As of June 2020, Australia had 22 operating projects across six key transition minerals, as well as 120 projects in the approvals or exploration stage. However, the report finds many policy alternatives to viably reduce mineral demand were comparatively unexplored.

“EV batteries are a clear example where demand for lithium, nickel, cobalt and manganese could all be reduced by a much stronger commitment to recycling, reducing the size and type of EVs available, and developing batteries based on minerals that are more abundant and less damaging to mine, such as potassium, sodium and carbon,” Dr Fletcher said.

The report highlights that:

  • In Australia recycling rates for lithium-ion batteries are under 10%, despite potential to recover 90% of lithium-ion materials which could potentially halve demand.
  • EV battery recycling programs at rates above 90%, extending battery lifetimes and giving them a ‘second life’ for stationary or grid storage, could reduce primary demand by 2040 for lithium (by 25%), copper (55%), and cobalt and nickel (35%).
  • Reducing the size of EV batteries would cut lithium usage by 42%; and policies that reduce car dependence and improve mass transit would reduce dependence by 71%. Policy indifference and a lack of strong economic drivers were the current impediments.
  • In 2018 there were around 60,000 abandoned mine sites, while the commitment to rehabilitating sites (restoring land damaged by mining) is underdeveloped.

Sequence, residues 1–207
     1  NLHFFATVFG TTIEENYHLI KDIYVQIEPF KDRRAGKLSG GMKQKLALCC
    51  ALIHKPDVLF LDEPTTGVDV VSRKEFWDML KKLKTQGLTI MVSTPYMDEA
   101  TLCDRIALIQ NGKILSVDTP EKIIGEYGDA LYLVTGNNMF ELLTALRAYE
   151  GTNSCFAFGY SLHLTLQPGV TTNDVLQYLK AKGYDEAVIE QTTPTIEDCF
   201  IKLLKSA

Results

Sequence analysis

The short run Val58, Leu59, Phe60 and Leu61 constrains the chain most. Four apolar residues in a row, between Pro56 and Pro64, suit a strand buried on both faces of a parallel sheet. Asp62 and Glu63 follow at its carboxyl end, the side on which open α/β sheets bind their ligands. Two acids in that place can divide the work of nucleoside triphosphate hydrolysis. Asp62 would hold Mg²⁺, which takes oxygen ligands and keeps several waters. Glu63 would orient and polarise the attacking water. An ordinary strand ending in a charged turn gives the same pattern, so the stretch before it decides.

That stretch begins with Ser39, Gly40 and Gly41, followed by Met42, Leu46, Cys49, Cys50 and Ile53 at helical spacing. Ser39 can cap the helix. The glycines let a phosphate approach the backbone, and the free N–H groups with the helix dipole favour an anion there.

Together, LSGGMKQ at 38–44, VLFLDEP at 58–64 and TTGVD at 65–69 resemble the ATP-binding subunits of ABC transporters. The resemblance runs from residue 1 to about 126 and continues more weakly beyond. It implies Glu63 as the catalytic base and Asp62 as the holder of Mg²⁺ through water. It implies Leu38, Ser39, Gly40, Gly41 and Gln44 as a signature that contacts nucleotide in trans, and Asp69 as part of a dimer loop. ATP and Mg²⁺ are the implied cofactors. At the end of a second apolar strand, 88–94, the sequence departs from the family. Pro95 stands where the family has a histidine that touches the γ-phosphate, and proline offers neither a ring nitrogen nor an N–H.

• Only 8.10% of National Reserve System (NRS) registered land in Australia is classified as Categories I to IV sites, where activities like mining are precluded.
  • Around 69% of transition minerals globally are found on or near Indigenous or peasant lands. There is no assessment as yet of what proportion of Australian transition minerals will directly impact Australian Indigenous communities, but it is likely to be very high.

The Jubilee Australia Research Centre is calling for the federal government, as part of its current review, to interrogate demand projections, investigate social and environmental impacts, publish plans to reduce demand, and develop an EV policy that assists the recycling and reuse of batteries.

It further recommends mining companies be responsible for the entire life-cycle of the mine, including clean-up and regeneration of the site, with robust oversight and public transparency.

The report also notes that better legislation is needed to stamp out the destructive behaviour that caused incidents like the Juukan Gorge tragedy, in which Rio Tinto destroyed two rock shelters containing culturally priceless artefacts in order to improve access to a nearby mineral deposit.

“While it makes economic sense to create jobs and wealth for Australians by keeping more of the processing of our critical minerals onshore, we need to make policy choices now that uphold the sustainable extraction of natural resources,” Dr Fletcher said.

“We need to pass cultural heritage legislation, state mining laws need very serious strengthening, and we need a much stronger overall regime for corporate accountability if we want to learn from our past and develop a more efficient and responsible industry.”

Read the full report: Greenlight or Gaslight? The Transition Minerals Dilemma for Australia